In this cytokines types and functions post we have briefly explained about cytokines of the immune system, types, mechanism of action and function.
What is Cytokines?
Cytokines are a group of small proteins that play a role in mediating an organism’s response to injury or infection. A cytokine’s mechanism of action is to transmit signals between cells in an organism.
Minute amounts of cytokines are secreted, each by a single cell type, and these cytokines of the immune system act as regulators in other cells by binding to specific receptors on their surface. Secondary signals are produced as a result of their interactions with the receptors, which inhibit or enhance the activity of specific genes within the cell. In contrast to endocrine hormones, which have the ability to act throughout the body, most cytokines of the immune system have a local effect, occurring near the cells that produced them.
Antigen-presenting cells and T-cell activation cause rapid intracellular biochemical cascades, which in turn induce transcription of a large number of genes, including cytokines and their receptors, to be activated.
Types of Cytokines
Cytokines are small, low-molecular-weight regulatory proteins or glycoproteins that are secreted by white blood cells and other cells throughout the body in response to a variety of different stimuli. Cytokines of the immune system are proteins that are normally secreted by immune system cells. The non-immune cells that secrete certain cytokines, such as type I Interferons and tumour necrosis factor (TNF), are referred to as non-immune cells (e.g. epithelial cells).
These proteins play a role in the regulation of the development of immune effector cells, and some cytokines are capable of performing direct effector functions on their own behalf.
It consists of the following items: Monokines are cytokines produced by mononuclear phagocytic cells, which are found in the bloodstream. Lymphokines are cytokines that are produced by activated lymphocytes, particularly T helper cells (Th cells). Interleukins are cytokines that act as a bridge between leukocytes and other cells in the body. Chemokines are cytokines that are primarily responsible for the migration of leucocytes.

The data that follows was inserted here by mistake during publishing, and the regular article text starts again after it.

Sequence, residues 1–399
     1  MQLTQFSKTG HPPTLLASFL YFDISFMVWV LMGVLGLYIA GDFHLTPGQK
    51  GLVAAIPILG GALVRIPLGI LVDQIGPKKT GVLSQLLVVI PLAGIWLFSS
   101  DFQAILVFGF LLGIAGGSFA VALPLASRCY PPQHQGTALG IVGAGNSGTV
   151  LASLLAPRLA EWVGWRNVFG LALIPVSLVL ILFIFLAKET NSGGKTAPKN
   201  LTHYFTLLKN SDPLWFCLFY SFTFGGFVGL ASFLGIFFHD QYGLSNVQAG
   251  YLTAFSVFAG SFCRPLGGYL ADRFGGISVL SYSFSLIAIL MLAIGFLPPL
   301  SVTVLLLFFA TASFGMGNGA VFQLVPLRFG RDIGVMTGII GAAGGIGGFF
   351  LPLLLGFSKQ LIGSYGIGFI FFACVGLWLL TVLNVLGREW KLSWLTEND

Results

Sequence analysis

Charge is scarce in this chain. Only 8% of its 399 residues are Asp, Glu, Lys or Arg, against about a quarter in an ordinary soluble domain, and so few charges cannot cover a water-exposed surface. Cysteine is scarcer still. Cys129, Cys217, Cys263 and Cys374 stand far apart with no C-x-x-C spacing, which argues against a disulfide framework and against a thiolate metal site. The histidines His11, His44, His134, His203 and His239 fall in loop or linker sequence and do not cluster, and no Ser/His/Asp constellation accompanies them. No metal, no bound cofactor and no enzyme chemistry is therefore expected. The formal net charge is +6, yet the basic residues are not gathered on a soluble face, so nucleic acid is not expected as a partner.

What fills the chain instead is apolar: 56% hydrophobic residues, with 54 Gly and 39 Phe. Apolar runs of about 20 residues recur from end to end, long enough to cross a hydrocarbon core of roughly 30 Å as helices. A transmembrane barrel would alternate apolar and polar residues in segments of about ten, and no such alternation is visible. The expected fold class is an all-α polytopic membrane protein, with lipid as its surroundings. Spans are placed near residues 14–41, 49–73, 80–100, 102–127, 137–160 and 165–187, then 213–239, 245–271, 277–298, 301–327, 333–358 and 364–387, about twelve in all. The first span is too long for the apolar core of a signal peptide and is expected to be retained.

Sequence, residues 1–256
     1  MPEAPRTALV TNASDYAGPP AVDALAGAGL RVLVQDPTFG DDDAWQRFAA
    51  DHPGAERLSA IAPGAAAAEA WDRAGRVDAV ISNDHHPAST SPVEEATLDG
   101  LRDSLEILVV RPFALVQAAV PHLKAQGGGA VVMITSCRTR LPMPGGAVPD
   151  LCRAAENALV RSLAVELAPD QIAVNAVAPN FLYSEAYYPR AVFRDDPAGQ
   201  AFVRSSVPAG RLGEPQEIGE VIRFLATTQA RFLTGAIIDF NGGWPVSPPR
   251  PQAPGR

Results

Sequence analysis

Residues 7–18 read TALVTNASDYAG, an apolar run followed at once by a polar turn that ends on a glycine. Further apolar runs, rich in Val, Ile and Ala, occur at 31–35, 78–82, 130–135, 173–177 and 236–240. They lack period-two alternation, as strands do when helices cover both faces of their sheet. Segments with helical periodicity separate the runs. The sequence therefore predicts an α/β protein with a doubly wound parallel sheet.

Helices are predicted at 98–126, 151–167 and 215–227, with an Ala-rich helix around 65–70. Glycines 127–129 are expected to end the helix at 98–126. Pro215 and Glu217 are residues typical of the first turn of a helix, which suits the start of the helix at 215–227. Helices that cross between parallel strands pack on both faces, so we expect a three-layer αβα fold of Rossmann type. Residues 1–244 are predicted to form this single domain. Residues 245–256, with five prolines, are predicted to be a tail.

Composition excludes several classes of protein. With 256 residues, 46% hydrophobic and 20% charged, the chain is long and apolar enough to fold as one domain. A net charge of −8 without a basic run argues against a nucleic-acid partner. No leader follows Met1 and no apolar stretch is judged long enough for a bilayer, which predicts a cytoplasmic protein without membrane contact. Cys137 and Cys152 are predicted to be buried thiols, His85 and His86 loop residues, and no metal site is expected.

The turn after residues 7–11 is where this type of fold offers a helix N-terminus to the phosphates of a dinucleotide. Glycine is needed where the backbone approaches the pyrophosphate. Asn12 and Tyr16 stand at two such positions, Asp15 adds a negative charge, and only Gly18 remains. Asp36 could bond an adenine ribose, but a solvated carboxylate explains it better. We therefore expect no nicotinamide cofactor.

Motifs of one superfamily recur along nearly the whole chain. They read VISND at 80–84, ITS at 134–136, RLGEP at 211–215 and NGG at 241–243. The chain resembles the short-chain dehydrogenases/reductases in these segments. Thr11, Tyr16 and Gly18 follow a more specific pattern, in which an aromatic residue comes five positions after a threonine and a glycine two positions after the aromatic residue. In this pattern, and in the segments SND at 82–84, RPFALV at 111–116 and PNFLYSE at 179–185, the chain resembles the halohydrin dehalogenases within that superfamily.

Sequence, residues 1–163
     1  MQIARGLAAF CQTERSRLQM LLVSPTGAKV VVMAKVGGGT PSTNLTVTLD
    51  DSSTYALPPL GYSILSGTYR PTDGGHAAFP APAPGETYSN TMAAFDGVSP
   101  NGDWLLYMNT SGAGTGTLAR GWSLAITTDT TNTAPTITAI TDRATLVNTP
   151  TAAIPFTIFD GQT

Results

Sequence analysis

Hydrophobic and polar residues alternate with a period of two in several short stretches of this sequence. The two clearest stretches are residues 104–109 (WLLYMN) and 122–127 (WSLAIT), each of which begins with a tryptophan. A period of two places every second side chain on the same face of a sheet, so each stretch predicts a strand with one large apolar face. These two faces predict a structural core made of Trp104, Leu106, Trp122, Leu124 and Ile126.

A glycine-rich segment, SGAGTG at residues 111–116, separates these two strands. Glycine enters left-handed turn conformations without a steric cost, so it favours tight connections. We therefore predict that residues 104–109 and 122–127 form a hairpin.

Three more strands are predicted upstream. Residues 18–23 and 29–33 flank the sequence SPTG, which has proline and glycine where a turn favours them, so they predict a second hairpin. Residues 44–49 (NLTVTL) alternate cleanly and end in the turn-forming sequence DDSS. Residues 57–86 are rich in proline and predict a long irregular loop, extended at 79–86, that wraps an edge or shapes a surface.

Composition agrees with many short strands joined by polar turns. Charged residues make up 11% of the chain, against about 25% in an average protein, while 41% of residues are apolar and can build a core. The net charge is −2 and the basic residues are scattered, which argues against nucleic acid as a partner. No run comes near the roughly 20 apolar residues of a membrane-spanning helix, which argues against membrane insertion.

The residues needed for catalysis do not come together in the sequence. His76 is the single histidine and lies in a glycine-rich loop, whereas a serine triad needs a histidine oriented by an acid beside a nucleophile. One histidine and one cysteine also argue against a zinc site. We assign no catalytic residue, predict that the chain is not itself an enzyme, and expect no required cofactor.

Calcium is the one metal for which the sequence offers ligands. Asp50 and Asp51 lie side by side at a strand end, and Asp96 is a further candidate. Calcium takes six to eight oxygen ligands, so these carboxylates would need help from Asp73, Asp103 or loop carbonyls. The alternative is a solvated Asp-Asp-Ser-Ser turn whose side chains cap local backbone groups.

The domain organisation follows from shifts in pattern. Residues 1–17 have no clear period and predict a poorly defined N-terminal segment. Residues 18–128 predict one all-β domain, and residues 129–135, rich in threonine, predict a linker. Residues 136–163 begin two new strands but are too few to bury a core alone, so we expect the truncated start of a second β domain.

Cytokines Types and Functions: Cytokines of the immune system
Mechanism of Action
Cytokines of the immune system bind to specific receptors on the surface of target cells’ membranes, activating signal transduction pathways that, in turn, alter gene expression in the target cells. In some cases, specific cytokines of the immune system can bind to receptors on the membrane of the same cell that secreted them, resulting in an autocrine response.
It is possible that the producer cell will bind to receptors on a target cell that is in close proximity to the producer cell, resulting in paracrine action. It is possible that it will bind to target cells in different parts of the body and exert endocrine action on them.
Function of Cytokines
Immune mediators and regulators: Immune mediators and regulators are produced primarily by mononuclear phagocytes in response to infectious agents, and are thought to regulate innate immunity.
T lymphocytes are the primary producers of mediators and regulators of adaptive immunity, which are produced in response to specific recognition of foreign antigens.
Stimulators of haematopoiesis: These substances are produced by bone marrow stromal cells, leukocytes, and other cells, and they help to promote the growth and differentiation of immature leukocytes in the body.
FAQ on Cytokines of the immune system
Stanley Cohen, M.D.
Infection or Injury
Cytokines are proteins produced by cells
Cytokines help the body’s immune and inflammation responses.
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